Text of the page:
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Spanish flamenco master dazzles Corvallis crowd with milestone concert
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Spanish flamenco master dazzles Corvallis crowd with milestone concert

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The intimate crowd sat captivated Sunday afternoon at Oddfellows Hall as Jose Luis Rodríguez’s lightning quick fingers strummed away on his flamenco guitar with surgical precision. But the instant Rodríguez slammed his hand on the guitar signaling the end of a song, the audience came to roaring life.

For many, the quick, percussive music rarely heard in Corvallis can be difficult to describe, said Berto Boyd, the artistic director of the Corvallis Guitar Society and longtime student and collaborator of Rodríguez. But Boyd might have figured out a way to capture Rodríguez’s talent in words.

“If you were God this is how you would play the guitar,” Boyd said. “His command of the guitar is just that ridiculous, there’s no other way to describe it.”

Rodríguez’s unique, experimental pieces brought the crowd at OddFellows Hall to its feet multiple times for standing ovations. While he may not be a household name locally, Rodríguez has steadily made a name for himself internationally with sell-out concerts in Belgium, Holland, Italy, Morocco, England and elsewhere in the United States. The concert marked the first performance in Corvallis for Rodríguez, a flamenco master originally hailing from Spain.

“When art comes to life, you move the audience,” Rodriguez said. “When you go to a concert, the concert moves you. You don’t remember exactly what they played, you remember the experience.”

It was an experience more than 12 years in the making.

Rodríguez inherited his style from the world-famous flamenco master Mario Escudero. Shortly after famed Spanish critic and poet Felix Grande named Rodríguez as one of the 20 best guitarists in Spain in 1995, Rodríguez moved to California and began teaching at area flamenco camps. It was at one of these camps in 2003 that Boyd and Rodríguez first met.

“Flamenco music is an oral tradition. It’s not written down so you just play what you can grab,” Boyd said, recalling that first meeting. “At the camp he played a piece and he only played it once. Then he said he wanted me to play it back for him. So I played it back and he said ‘you nailed it.’ And we’ve been friends ever since.”

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Boyd studied closely under Rodríguez and soon began transcribing the work so that he could become a better player.

“I was the one guy at the camp that was writing out his music,” Boyd said. “It set me apart from anyone else and opened up opportunities I had never dreamed of.”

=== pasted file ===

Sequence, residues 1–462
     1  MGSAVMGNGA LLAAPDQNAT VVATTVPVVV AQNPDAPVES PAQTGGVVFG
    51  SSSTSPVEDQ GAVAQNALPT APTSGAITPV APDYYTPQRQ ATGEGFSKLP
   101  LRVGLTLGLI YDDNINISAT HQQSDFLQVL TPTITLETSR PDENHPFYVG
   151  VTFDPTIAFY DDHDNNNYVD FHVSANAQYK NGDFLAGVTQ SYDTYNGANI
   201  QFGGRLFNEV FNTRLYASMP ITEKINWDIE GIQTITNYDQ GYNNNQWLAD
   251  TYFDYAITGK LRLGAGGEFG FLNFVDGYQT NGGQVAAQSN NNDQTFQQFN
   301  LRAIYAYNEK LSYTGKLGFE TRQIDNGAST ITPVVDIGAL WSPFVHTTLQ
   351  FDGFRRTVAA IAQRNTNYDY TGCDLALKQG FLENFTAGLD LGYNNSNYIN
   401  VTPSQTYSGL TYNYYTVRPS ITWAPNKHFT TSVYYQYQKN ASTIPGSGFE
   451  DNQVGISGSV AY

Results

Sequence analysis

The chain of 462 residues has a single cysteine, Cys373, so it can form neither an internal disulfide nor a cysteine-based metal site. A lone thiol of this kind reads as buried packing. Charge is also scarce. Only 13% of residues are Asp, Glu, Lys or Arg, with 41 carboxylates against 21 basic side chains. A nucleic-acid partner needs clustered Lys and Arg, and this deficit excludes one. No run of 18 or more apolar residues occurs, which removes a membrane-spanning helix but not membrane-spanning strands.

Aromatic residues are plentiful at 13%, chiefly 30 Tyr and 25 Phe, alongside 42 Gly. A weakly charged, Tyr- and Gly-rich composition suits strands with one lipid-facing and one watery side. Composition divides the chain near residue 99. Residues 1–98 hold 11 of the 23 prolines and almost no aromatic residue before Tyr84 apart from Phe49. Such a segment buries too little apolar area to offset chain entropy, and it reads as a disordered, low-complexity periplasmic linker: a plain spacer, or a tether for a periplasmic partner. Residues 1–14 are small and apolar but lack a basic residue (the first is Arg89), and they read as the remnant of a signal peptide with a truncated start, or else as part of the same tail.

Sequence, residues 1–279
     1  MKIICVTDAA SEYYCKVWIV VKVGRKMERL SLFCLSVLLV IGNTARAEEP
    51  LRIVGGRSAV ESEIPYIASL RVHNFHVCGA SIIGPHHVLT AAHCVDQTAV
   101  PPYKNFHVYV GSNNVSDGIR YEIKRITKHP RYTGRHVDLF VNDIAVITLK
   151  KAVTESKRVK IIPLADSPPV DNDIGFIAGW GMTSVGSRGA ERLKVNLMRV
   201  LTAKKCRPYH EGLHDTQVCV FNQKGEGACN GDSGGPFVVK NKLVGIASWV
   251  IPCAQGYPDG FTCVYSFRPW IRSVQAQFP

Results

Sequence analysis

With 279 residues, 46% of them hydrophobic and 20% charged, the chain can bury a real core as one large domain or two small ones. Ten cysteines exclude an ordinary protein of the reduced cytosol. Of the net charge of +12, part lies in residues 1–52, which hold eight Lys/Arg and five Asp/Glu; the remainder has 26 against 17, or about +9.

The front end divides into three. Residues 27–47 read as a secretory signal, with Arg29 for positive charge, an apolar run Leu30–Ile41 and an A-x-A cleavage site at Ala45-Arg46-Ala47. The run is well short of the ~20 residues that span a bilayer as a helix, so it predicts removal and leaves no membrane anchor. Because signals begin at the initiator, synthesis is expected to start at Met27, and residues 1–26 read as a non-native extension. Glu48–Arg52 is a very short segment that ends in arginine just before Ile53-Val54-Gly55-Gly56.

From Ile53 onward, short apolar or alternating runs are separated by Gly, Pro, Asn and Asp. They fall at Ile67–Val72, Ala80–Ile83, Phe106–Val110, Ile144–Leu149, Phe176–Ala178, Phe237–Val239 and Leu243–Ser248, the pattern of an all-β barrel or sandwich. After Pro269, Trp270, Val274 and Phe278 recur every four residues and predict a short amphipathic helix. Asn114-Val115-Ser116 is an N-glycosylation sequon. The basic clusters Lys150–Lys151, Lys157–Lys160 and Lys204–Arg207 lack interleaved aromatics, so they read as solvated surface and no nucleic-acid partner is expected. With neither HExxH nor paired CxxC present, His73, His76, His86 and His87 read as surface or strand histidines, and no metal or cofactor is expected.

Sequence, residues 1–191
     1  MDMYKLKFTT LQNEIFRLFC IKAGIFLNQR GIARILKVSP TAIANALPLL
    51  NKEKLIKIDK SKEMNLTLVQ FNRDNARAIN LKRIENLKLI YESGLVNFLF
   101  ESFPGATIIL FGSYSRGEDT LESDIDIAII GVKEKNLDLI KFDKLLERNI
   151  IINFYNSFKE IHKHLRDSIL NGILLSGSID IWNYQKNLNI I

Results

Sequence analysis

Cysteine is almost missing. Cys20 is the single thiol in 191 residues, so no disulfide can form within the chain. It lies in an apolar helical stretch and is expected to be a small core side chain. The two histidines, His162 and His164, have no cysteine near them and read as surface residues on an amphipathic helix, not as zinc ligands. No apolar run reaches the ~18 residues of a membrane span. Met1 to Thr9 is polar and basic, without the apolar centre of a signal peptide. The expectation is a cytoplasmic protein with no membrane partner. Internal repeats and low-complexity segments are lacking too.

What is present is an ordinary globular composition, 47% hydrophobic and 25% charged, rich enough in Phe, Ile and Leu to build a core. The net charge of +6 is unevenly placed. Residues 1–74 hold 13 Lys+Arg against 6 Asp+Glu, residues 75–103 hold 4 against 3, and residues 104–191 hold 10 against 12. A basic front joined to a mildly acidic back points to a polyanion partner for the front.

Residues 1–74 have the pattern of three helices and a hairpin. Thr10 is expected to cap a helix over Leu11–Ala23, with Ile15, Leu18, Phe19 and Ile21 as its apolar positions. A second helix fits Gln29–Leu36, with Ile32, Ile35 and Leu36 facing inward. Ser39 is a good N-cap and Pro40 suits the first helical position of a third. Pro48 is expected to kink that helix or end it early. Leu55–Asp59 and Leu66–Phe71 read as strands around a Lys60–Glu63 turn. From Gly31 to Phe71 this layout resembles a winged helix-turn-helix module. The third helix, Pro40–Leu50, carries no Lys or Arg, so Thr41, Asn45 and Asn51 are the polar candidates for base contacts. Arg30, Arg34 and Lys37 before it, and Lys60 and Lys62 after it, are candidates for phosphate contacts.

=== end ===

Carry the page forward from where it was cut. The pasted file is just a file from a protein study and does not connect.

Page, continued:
When Rodríguez found out that Boyd was able to transcribe the complex and experimental pieces, he embraced the chance to finally put his music down in the written form.

"It makes me very happy to play with (Boyd)," Rodríguez said. "He knows very well my music. He’s one of the special students I have. He makes me very comfortable." 

Sunday’s concert marked a significant step for growing the love for flamenco music in the Pacific Northwest. The money raised will go toward an ambitious project that Rodríguez and Boyd are looking to complete in the next few weeks.

The pair, along with two other collaborators, recently debuted Rodríguez’s “Avalon” at the Miami Dade Auditorium. The 55 minute-long piece is the largest flamenco piece ever written. Rodríguez and Boyd have worked more than 250 hours in six months to transcribe the piece for publication in January.

“You have to be kind of crazy to be a musician of this level,” Boyd said with a laugh. “To be able to sit there and focus on something for 12 to 18 hours a day takes a crazy level of focus and determination.”

But the project is not yet complete, and with the collaborators having a few short weeks before the publication deadline, Rodríguez and Boyd left the reception Sunday afternoon and immediately headed for Boyd’s office to continue working.

“Our work isn’t nearly done,” Boyd said. “There’s at least another 100 to 150 hours we need to put in this piece by January. It’s going to be insane. But it’s also exciting. It’s a huge honor.”

“If you were God this is how you would play the guitar. His command of the guitar is just that ridiculous ...”

Berto Boyd of Corvallis, collaborator with Jose Luis Rodriguez

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